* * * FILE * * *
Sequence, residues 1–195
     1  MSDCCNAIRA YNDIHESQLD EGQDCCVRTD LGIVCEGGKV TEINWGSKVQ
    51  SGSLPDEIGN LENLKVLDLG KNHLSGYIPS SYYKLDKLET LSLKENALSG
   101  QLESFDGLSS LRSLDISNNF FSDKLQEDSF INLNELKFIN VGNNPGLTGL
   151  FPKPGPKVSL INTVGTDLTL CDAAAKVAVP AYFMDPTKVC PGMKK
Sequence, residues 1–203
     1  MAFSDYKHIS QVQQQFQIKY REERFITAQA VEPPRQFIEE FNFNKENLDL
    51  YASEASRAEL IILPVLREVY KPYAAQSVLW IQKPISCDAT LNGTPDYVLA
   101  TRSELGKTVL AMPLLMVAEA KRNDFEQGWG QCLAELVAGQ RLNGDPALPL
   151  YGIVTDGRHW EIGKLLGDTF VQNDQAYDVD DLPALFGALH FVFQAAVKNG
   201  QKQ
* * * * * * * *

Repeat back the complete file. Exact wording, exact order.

Sequence, residues 1–195
     1  MSDCCNAIRA YNDIHESQLD EGQDCCVRTD LGIVCEGGKV TEINWGSKVQ
    51  SGSLPDEIGN LENLKVLDLG KNHLSGYIPS SYYKLDKLET LSLKENALSG
   101  QLESFDGLSS LRSLDISNNF FSDKLQEDSF INLNELKFIN VGNNPGLTGL
   151  FPKPGPKVSL INTVGTDLTL CDAAAKVAVP AYFMDPTKVC PGMKK
Sequence, residues 1–203
     1  MAFSDYKHIS QVQQQFQIKY REERFITAQA VEPPRQFIEE FNFNKENLDL
    51  YASEASRAEL IILPVLREVY KPYAAQSVLW IQKPISCDAT LNGTPDYVLA
   101  TRSELGKTVL AMPLLMVAEA KRNDFEQGWG QCLAELVAGQ RLNGDPALPL
   151  YGIVTDGRHW EIGKLLGDTF VQNDQAYDVD DLPALFGALH FVFQAAVKNG
   201  QKQ